One of the biggest cultural impacts of using Instant Messaging and UC technology in a business context is the way that people tend to check the status of someone before contacting them. It’s a relatively rare occurrence to get an internal phone call out of the blue if both parties are online: usually, it would be set up with a quick chat on IM first – then the calling party knows that the call they make isn’t going to drop to voice mail.
To quote UC aficionado Tony Cocks, “it’s all about presents”.
Or presence, and the value that it gives to anyone trying to contact you.
If you’re set to Do Not Disturb (DND), for example, we probably all know that means trying to send an IM won’t work. Trying to call via Lync or on the internal phone number won’t get through either – setting yourself to DND sends all calls straight to voice mail (or straight to oblivion, for many people). I heard a story the other day about someone who got an unannounced incoming cellular call – the caller saying, “yeah, I saw you were on Do Not Disturb so thought I’d call your mobile…” Like, duuuuh…
Did you know you can allow people you trust to interrupt you when you’re on DND..? Right-click on their name in Lync, choose “Change Privacy Relationship” (right at the bottom of the menu). Set them to be part of your Workgroup, and when you set yourself to DND, they’ll see you instead as being on Urgent Interruptions Only. And they can IM you.
Anyway, we can infer a lot from someone’s automatic status – if they’re Busy, then chances are their Outlook calendar has been blocked out or they may have manually set the status to show they’re busy. That doesn’t mean they’re uncontactable – only that if they don’t respond, then you shouldn’t be surprised. If they’re In a Meeting, it means not only is the Outlook calendar blocked out, but it’s being blocked by a meeting with more than one attendee. Maybe that means you could still IM the person, but they probably wouldn’t be able to take a call. If they’re on In a Call or In a Conference Call, then they’ll definitely not be able to take a call as they’re on one already…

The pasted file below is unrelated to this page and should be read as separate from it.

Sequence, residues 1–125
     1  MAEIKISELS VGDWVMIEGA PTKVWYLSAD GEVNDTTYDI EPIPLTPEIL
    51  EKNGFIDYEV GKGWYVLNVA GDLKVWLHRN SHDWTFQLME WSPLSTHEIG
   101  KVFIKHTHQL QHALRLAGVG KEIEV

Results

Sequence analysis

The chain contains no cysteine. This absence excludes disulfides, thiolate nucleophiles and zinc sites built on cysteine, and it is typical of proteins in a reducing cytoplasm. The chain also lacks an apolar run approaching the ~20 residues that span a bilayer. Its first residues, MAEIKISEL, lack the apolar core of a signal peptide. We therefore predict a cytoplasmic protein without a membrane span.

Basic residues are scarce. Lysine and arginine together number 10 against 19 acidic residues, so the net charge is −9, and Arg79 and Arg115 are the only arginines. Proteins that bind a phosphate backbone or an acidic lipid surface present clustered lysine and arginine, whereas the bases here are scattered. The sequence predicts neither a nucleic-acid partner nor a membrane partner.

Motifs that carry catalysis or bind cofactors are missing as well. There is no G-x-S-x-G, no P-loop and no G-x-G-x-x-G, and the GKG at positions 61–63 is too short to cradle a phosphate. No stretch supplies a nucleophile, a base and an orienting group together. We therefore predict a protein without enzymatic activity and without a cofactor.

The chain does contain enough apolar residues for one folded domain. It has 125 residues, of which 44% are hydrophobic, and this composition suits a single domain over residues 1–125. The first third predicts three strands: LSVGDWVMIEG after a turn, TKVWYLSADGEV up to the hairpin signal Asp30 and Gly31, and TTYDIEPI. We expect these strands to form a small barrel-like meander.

If they’re Away (like Richard, here), then they’ve probably either wandered off from their PC or else they’ve locked the computer (WindowsKey + L), and you may get some extra context about how long they’ve been away for. If only a few minutes, they could be sitting at their desk talking with someone (or reading a paper etc), and sending an IM might get an immediate response … but if it’s been 30 minutes, they probably are genuinely not there and you’d better look elsewhere, or send an email.
Add further context
As you can see from Richard’s status above, he’s also got a line below his name that says where he is – TVP. Actually, this is just set by the free-text note field at the top of the Lync main window (which asks “What’s happening today?” if you haven’t set anything else). It’s a handy way of giving a little more context if you want people to know, or just provide a pithy one-liner akin to a Facebook status.
If you want to be a little more specific you can also provide a number of custom presence states, so rather than just being Busy you could be Busy writing reports, or instead of being Available you could be Working from home. See TechNet or previous missives on this blog.
For place specific info, you could try setting up custom locations – in short, when your PC appears on a particular network, you can give it a name and then whenever you use the PC at that location, it will show up in your own Lync client right under your name and your status. Different locations needs to be named separately (eg Home, CP, Edinburgh, TVP).
It’s not all that obvious to everyone else, however – to see someone else’s custom location, right click on their name and View Contact Card (or just click on their name and press ALT-ENTER). If they’ve set a location up, you’ll see it – otherwise they’re either not in a place they’ve named, or you’ll just see their time zone. If you want to make it plain to everyone else where you are, then you may want to stick to custom status and/or using the Lync “What’s happening today?” text status field.
You can see set the Lync status on the above screenshot is Off work – that tells the world that even though I’m online via Lync, I’m not online to do work… and if someone was to click on my details, they could see a whole load of information about whether I’m likely to respond to their IM. If you’ve set your status to Off work and someone IMs you about work, then it’s perfectly acceptable to just ignore the message (press Esc to get rid of the popped-up window in one fell swoop). Well, depends who it is…